• Exactly right. You literally don’t have to touch any of this money you are earning on the side. If you just act like its not even there, you’re basically giving yourself some extra retirement money down the line. Even if you were to early retire, it seems like it wouldn’t be hard to just keep earning a few hundred bucks a month forever. Really gives you some cushion down the line if you suddenly find yourself with an extra 300-500k.

  6. Side hustles really do add up and can make a huge impact on your overall finances. We’ve been using the extra income to pay off our debt and are really starting to gain momentum. I enjoy the freelance writing and even clicking things to earn a few gift cards is much a better use of time than just scrolling through Facebook again.

    • That’s the beauty of it. It’s money that you absolutely don’t need. The only thing to remember is, don’t forget taxes on your side hustles. That’s why I like being able to save it away in tax-deferred savings. It gives you a way to earn that money and avoid much of the tax hit as well.

  7. Great post!
    Small amounts of money really do add up. I find it strange that a lot of people don’t see the value in saving small chunks of money over time. It’s great that you were able to chart the potential of a side hustle.
    And it’s cool that you document all your side hustle income too.

    • Thanks Graham! I think the benefit of putting away your side hustle money – especially if you can do so in tax-advantaged savings – is huge. You basically can up your savings right by a huge amount just by taking a small amount per month. I’ve enjoyed documenting the side hustle income as well. It’s not a huge amount by any means, but I find it interesting that I’m able to earn a pretty decent chunk of change with very little capital output by using all these on-demand apps.

  8. Every little bit helps. A side hustle can be one way to justify / cancel out spending that would otherwise seem induflgent and unnecessary. Like $6 beers at Surly, for example. I only let you buy me one because I knew about your side hustles. 😉

    Side hustles can be fun, too. Finding, refurbing, and reselling tossed aside furniture can feel like a game. Watching dogs could be fun, too, depending on the dog. The side hustle of writing and running a blog is rewarding as well.

    Cheers!
    -PoF

    • Haha, good thing I had some side hustles going so I could afford that beer. I owe you another one next time you’re in town.

  9. If we use the 4% rule, every 100$/month you make is basically worth 30k of savings you would have needed to earn that in retirement… Now if you are able to consistently make 1000$ a month out of your side hustles, that’s like 300k less you need in your nest egg!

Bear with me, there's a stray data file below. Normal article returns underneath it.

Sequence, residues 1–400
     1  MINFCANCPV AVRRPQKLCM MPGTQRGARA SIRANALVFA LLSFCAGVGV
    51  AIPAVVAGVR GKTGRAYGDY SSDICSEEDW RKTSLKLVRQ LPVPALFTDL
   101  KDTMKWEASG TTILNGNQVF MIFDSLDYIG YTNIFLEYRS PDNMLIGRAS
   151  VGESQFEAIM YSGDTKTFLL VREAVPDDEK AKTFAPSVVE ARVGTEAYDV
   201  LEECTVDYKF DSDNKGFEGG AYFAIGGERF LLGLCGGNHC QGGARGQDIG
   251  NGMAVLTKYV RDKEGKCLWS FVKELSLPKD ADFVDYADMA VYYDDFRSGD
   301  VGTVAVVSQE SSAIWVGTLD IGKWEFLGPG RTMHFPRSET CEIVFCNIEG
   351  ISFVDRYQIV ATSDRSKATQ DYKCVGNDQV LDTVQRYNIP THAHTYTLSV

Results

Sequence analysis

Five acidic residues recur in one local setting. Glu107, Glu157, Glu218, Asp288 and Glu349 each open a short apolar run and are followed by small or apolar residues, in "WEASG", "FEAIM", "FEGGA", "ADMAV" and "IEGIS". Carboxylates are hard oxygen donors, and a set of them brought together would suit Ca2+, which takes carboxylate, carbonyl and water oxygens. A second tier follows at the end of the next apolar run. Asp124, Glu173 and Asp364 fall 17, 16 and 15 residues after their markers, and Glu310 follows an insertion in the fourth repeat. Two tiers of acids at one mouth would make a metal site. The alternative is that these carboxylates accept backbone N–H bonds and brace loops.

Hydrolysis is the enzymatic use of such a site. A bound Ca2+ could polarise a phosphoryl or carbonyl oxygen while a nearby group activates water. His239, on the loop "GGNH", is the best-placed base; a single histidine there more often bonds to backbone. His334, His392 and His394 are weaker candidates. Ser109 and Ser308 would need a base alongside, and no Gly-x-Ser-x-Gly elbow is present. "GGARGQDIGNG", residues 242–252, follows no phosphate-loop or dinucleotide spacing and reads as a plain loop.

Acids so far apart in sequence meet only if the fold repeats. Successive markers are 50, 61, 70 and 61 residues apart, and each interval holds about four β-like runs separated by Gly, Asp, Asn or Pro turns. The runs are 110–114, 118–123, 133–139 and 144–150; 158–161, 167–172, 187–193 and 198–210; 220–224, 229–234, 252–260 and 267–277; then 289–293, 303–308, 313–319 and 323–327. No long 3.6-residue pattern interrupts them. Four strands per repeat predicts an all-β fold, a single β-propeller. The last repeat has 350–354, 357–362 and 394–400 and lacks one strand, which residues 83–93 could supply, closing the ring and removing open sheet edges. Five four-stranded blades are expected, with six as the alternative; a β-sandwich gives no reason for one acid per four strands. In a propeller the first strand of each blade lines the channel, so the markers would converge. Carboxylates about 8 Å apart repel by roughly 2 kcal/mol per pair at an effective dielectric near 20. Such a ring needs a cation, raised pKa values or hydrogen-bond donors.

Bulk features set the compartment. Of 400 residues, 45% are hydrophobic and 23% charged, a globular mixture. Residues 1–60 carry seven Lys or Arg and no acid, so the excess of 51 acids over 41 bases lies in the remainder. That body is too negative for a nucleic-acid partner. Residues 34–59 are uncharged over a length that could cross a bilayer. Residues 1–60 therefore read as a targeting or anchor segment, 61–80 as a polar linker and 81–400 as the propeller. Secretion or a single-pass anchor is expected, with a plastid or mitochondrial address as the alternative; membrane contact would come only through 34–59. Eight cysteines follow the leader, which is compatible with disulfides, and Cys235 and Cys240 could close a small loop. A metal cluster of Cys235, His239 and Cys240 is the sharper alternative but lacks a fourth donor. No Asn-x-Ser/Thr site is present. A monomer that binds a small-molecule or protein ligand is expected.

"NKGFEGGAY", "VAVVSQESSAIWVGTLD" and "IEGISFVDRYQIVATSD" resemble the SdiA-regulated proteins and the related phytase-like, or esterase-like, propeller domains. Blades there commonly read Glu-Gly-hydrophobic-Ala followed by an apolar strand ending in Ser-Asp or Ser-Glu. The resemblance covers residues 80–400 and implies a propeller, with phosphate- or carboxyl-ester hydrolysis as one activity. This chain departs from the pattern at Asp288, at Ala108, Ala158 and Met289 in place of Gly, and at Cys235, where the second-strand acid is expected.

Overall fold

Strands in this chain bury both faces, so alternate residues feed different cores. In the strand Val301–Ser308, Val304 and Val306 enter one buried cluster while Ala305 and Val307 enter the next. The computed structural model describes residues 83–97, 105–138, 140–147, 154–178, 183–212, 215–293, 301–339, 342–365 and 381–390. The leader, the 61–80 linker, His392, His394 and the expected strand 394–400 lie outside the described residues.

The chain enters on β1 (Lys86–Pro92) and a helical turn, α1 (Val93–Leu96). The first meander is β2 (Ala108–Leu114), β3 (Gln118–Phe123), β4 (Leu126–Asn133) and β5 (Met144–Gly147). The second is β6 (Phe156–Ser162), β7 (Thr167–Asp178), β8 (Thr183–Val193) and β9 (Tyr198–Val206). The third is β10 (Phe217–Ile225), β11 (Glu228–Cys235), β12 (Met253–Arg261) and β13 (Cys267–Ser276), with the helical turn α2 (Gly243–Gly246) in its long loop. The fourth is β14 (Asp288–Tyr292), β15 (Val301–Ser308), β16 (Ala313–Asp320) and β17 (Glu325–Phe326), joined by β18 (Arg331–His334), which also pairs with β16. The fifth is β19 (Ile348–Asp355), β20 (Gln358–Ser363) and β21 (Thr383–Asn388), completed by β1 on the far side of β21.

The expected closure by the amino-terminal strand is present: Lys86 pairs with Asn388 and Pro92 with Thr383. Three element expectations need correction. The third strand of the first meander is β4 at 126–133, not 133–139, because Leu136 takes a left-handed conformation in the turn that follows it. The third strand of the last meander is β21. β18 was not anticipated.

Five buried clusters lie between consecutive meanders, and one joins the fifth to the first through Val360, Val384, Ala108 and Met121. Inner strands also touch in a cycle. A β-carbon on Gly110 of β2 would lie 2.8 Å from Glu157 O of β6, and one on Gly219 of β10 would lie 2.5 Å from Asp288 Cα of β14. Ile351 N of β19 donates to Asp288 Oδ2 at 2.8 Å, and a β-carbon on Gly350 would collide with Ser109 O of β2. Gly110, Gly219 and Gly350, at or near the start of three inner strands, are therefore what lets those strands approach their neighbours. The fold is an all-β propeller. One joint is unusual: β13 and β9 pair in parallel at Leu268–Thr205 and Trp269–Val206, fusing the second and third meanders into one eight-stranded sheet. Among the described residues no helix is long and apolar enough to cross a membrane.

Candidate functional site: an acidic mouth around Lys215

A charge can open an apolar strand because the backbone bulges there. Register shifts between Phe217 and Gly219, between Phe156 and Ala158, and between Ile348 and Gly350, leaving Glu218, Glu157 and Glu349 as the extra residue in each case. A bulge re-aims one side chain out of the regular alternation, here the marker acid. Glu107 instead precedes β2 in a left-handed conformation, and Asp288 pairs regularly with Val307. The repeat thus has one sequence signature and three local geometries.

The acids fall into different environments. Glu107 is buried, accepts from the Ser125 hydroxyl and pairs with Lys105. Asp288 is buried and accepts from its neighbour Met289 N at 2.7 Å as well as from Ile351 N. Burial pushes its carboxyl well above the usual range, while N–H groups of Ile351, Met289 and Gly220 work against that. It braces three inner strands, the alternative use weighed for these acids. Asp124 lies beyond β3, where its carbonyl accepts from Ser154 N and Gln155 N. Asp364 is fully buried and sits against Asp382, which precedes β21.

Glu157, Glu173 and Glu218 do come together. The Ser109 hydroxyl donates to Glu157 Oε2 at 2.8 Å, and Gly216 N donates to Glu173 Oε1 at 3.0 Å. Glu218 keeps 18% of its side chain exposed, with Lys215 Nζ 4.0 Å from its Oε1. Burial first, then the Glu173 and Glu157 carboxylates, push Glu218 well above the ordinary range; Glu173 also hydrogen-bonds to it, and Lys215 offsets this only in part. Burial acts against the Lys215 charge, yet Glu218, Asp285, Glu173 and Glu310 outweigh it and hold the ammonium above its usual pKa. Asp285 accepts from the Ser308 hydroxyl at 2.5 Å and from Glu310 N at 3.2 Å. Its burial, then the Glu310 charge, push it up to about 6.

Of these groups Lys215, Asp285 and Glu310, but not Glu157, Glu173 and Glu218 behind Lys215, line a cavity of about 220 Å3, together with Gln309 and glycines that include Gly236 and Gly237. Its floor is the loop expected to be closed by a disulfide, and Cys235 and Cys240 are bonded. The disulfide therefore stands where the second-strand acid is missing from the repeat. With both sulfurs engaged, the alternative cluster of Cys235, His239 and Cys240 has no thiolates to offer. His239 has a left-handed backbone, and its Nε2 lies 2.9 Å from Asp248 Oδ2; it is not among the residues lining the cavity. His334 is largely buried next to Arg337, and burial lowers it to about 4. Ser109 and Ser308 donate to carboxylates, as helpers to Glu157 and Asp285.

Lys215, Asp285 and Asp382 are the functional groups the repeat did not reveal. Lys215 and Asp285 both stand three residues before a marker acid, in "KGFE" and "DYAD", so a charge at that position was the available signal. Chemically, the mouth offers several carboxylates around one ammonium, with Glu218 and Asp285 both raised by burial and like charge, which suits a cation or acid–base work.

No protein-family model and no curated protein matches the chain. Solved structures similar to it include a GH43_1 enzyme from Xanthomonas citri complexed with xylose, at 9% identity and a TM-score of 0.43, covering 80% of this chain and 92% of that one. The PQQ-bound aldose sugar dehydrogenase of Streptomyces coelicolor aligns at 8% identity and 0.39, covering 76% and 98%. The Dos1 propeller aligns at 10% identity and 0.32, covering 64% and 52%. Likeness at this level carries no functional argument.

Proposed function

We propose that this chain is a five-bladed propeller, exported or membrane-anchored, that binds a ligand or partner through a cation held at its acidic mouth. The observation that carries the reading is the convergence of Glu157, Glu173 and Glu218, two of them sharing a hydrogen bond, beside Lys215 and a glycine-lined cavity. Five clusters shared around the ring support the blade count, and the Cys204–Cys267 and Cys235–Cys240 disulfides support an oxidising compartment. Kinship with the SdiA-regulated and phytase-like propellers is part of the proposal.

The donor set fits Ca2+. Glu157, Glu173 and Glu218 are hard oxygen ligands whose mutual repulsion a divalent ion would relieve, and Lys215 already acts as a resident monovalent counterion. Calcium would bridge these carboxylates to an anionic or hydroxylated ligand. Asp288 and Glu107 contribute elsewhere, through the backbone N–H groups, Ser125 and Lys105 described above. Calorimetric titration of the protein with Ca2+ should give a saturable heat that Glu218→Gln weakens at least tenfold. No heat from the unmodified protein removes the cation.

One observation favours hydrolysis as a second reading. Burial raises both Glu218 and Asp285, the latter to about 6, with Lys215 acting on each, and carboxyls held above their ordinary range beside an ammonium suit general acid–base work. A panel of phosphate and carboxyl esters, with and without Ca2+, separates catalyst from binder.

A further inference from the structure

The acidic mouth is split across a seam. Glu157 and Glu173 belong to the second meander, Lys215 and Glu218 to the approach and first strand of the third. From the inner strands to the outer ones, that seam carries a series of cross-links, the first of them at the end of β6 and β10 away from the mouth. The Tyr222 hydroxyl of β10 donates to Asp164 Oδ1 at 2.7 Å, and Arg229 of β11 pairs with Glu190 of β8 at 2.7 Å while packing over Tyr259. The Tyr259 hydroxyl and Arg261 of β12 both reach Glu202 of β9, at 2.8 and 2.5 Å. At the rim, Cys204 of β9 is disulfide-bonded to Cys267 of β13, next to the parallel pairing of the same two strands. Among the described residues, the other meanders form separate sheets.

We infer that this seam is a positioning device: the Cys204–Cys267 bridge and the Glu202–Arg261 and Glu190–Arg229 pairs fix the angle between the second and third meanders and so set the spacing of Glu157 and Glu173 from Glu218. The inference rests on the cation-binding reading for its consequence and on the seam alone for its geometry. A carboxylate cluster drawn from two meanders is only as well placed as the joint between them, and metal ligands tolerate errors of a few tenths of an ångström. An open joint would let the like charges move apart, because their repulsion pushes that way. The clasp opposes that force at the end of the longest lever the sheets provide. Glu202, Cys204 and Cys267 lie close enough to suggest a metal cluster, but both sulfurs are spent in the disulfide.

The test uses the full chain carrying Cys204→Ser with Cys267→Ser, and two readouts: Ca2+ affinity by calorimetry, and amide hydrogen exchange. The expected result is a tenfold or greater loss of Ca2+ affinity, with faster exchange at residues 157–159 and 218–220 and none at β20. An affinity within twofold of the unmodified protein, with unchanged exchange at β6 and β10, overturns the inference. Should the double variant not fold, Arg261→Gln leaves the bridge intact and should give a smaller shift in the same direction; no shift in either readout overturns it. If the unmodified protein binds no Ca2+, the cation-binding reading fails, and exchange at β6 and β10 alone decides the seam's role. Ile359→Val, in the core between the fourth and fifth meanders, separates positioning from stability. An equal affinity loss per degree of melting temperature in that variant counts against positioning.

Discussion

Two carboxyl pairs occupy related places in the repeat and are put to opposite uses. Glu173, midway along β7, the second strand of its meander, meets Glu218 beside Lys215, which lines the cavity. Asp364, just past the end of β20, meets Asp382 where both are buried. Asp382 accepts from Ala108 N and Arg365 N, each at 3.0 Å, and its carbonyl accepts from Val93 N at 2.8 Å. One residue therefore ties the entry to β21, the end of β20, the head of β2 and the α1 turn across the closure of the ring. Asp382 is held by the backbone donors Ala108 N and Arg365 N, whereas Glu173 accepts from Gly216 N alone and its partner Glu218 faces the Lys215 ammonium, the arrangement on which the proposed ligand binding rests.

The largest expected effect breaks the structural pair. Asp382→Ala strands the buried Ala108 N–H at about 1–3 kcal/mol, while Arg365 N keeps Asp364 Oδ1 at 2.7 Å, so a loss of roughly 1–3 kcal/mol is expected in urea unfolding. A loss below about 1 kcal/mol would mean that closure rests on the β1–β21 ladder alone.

Of course, this has the risk of your side hustle dying but it’s just like any other employment… just not 40h a week 😛

    • That’s a great way to put it. No doubt, your side hustle can definitely die, but the great thing is, it’s a side hustle! It’s extra money that you could save. And if one way to make money dies, there’s always hundreds of other ways to make a bit more.

  10. Jacq Jacq

    I wasn’t sure how much I could make so this year, my side hustle money has gone into savings. Looking at paying taxes on it, I am now looking into solo 401k vs SEP etc that Vanguard offers to tax shelter my funds next year. Great recommendations in this post.

    • Thanks Jacq. Definitely take a look at a Solo 401k. It’s a good way to reduce your tax burden and save your money.

  11. Arrgo Arrgo

    Great point about investing the side hustle money. I think side hustles are a great addition to your financial portfolio and a good income diversifier. Even just a few hundred $ a month can add up to 2 or $3,000 a year without too much effort or time. And year after year that can really add up. Plus, it can really be more fun than a regular job with less stress etc. Another good point is if you want to retire early, you could still keep your part time hustle. That income can really help the math with withdraw rates etc with your portfolio. I dont mind working. I just dont like the commitment of working 40 or 50 hrs a week which doesnt leave much time to really enjoy life the way you would like to.

    • I totally agree that the side hustle income can be used to bolster your early retirement. It’s easy to just pick up some minor side hustle if you’re in a position where you want to early retire, but might need a little bit extra per year. Wouldn’t be hard to make some money doing Uber or something like that on the side if you needed the money.

      And totally agree on the fun! I have a ton of fun watching dogs or biking around town delivering food. Getting paid to do it is a nice little bonus.

  12. Love this post! I am considering starting to drive with Uber when I am heading in a certain direction and make money to just go where I am anyway. And you are correct, every little bit helps. Use it for vacation, pay bills or just save it and watch it grow. Thanks for sharing!
    -Brian

    • Thanks Brian! Definitely no problem just signing up for Uber and grabbing rides if your going in a certain direction. It’s not like you’re forced to do it. You can just pick and choose basically. Just make sure to do a ride like once a month or something so that your account doesn’t get deactivated or something. That’s what I try to do with my delivery gigs during the winter (I really don’t do as many bike deliveries when it’s cold out).